Cash is king, but that doesn’t always mean layoffs
- Name: Pauline Otila
- Job title: Managing Director
- Company: Apiculture Venture
- Programme: Survive to Thrive
- Country: Kenya
Celebrating Pauline Otila, MD at Apiculture Venture Limited in Kenya for Choosing People
Located in Nairobi’s busy industrial area is the Kenyan company Apiculture Venture, a beekeeping business that stays as busy as the bees they keep. This is thanks to Pauline Otila the founder and Managing Director, who is known by all as the “Queen Bee”. Apiculture manufactures and offers training on modern beekeeping equipment, they provide pollination services to large scale farmers. They also process and package honey under the brand name, Golden Bee Honey.
Pauline describes 2020 as a tough year. “For a moment I thought about closing the company so as soon as I heard about Survive to Thrive, I automatically applied.”
Through the programme Pauline got a chance to interact with other entrepreneurs which helped her find immediate solutions to keep her company afloat. Communication was among the first key lessons she learnt.
“Talking to other participants in the programme was one of my main highlights. Just by listening to other business owners from across Africa share how they were coping with the pandemic, I started looking at things differently. One of the participants shared how he took the step to openly talk to his team about what was happening which pushed me to also go ahead talk to my team. Together we came up with a working schedule, an alternating office duty roaster that enabled us to continue our business operations. I’m so glad I didn’t have to lay off any of my staff.”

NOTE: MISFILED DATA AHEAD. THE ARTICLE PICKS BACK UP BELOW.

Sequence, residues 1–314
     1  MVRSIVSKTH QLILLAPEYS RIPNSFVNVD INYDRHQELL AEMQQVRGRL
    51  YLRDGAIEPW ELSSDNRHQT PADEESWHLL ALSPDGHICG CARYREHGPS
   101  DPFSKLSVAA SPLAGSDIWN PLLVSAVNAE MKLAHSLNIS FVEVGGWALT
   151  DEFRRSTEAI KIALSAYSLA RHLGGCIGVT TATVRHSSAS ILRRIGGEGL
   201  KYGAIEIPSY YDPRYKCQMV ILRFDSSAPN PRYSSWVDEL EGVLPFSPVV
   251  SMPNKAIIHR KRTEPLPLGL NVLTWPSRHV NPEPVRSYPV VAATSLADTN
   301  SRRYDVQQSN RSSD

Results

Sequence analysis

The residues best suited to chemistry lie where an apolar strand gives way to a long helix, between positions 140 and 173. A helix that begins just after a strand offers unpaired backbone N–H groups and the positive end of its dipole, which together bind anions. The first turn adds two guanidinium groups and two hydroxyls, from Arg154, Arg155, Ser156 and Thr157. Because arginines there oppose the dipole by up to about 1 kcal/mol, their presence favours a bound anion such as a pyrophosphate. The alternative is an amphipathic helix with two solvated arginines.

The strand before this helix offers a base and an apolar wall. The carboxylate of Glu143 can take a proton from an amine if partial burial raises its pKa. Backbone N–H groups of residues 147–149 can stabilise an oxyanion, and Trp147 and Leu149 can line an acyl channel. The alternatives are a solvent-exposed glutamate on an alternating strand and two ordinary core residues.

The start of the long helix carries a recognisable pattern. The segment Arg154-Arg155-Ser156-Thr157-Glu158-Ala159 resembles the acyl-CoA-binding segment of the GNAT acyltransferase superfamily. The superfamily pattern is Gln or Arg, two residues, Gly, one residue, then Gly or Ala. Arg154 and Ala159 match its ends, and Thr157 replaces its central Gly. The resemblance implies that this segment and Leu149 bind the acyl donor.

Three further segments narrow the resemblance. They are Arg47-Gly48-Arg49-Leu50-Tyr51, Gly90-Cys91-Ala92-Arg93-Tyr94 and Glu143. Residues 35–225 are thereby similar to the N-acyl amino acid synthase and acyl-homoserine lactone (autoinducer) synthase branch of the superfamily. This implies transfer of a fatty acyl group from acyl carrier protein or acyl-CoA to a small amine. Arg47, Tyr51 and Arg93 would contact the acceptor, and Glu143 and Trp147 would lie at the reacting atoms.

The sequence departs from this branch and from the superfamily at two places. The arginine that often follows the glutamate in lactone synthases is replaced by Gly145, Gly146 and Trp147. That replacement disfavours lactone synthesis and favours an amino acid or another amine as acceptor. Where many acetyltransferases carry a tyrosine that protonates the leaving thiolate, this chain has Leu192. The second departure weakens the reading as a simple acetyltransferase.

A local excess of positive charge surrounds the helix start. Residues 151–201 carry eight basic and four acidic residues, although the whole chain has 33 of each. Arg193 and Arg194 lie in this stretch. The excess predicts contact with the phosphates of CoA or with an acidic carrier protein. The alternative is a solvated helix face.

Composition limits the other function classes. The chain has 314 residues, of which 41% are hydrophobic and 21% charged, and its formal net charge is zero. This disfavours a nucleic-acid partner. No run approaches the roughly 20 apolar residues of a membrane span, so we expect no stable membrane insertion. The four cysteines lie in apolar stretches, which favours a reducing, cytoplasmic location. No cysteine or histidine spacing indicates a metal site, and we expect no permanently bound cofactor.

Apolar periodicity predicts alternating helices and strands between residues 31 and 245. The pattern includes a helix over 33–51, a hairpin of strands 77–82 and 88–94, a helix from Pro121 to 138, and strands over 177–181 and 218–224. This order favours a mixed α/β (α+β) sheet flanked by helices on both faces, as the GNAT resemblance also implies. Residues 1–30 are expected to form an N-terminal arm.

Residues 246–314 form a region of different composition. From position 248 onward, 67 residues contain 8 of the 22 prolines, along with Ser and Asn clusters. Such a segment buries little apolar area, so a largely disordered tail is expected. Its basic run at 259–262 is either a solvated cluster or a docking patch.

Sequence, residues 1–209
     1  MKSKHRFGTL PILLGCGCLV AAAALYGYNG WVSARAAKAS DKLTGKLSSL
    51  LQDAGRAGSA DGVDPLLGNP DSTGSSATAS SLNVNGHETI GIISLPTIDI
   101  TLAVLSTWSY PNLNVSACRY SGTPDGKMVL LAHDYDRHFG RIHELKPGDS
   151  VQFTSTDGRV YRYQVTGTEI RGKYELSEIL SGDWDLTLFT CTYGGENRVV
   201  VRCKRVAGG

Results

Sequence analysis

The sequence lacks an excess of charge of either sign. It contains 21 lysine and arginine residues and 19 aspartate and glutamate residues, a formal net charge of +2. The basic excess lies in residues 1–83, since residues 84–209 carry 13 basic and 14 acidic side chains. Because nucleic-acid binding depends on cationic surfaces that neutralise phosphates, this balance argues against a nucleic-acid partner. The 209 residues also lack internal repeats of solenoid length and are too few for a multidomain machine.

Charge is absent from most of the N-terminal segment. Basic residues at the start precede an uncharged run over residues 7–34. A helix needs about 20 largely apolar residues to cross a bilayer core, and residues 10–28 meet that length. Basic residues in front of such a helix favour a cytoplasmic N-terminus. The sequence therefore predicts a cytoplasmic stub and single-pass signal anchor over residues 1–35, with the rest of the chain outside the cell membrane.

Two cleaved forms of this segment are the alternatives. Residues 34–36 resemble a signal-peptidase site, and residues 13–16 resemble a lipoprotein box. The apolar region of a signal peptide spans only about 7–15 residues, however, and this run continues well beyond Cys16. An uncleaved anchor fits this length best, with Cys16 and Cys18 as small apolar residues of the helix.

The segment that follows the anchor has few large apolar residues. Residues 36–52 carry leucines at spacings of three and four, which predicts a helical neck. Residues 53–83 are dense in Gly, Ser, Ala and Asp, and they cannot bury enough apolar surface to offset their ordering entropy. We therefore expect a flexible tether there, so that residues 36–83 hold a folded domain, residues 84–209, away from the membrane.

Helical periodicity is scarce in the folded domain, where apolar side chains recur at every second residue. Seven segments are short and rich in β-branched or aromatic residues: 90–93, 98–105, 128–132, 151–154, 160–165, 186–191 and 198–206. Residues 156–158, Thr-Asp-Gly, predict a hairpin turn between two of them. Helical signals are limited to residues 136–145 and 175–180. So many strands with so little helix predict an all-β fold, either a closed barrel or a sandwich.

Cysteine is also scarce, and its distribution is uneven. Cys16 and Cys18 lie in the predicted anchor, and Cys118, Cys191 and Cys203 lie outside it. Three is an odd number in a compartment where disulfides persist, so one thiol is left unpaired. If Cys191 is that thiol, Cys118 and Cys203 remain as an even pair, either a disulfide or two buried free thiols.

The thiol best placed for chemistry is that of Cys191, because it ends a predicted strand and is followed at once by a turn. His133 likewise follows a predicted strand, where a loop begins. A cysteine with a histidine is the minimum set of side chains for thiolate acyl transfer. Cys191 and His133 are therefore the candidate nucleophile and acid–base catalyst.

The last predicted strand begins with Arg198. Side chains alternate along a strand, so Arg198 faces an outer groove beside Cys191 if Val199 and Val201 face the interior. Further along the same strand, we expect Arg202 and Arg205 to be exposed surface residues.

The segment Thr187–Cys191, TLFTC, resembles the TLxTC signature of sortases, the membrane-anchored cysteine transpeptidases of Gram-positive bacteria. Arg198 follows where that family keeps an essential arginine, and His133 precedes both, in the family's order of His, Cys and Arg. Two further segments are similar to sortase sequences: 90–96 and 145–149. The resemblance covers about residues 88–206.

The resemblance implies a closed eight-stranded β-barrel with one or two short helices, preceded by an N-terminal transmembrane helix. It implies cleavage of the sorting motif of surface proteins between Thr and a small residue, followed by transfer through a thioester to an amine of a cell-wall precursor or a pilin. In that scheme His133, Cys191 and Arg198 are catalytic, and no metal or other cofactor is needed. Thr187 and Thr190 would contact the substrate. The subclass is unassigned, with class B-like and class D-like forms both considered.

Pauline Otila also known as Queen Bee describes herself as the kind of manager who would never involve her team in decision-making but because of the programme, she has come to realise that without involving her team her dream to grow Apiculture Venture will forever remain as her dream. She also attributes immediate impact in her business to one of the virtual sessions in the programme where they got a chance to review their strengths and weaknesses.
“There’s a particular session where we talked about the strengths and weaknesses of our businesses. I had never thought about it but after the learning session I went ahead and spent some quiet time and wrote everything down. To date, the things I wrote are on my vision board, both for my business and for me as the main driver of the business. I actually usually reference it a lot whenever we go into meetings with my staff,” she says.
Apiculture Venture currently offers services to the 47 counties of Kenya. They have partners in Tanzania with a lot of growing demand in Kenya and a few other countries in Africa. “This increase in demand and opportunities is one of the reasons as to why I decided to join the programme. My hope is that eventually we will grow, expand and have the capacity to explore beyond Africa.”
91% of businesses who have completed Survive to Thrive say their businesses are stronger as a result. “The beekeeping industry has very few women. In my company, out of seventeen staff, only six of us are women. This programme not only empowered me with knowledge and resources to run my business, but it also gave me the confidence to keep pushing, speak up and continue encouraging other women entrepreneurs out there.”
Times like these demand that business leaders be coaches
At the best of times most of us need prompting to do the things we actually want to do. Most of us need a coach, mentor, engaged boss or patiently honest friend to nudge us to become what we could be at work.
Leaders see beyond what is to create what might be
I wonder what it’s like to work in the Post Office. What set me wondering was fetching a parcel on 12 May, posted in London on 1 November last year. On the one hand I was impressed that it reached me after six and a half months of travel. No one stole it. It wasn’t buried in a storeroom and eventually destroyed. It reached its intended destination. I didn’t realise this was still possible with the SA Post Office.
Customer service is the manager’s responsibility
I heard of a rural hospital that closed its doors to visitors on Freedom Day. A public holiday affords workers a rare opportunity to visit their loved ones during the week. In this case a man travelled overnight to see his father, only to be turned away: “It’s a public holiday; we’re closed.”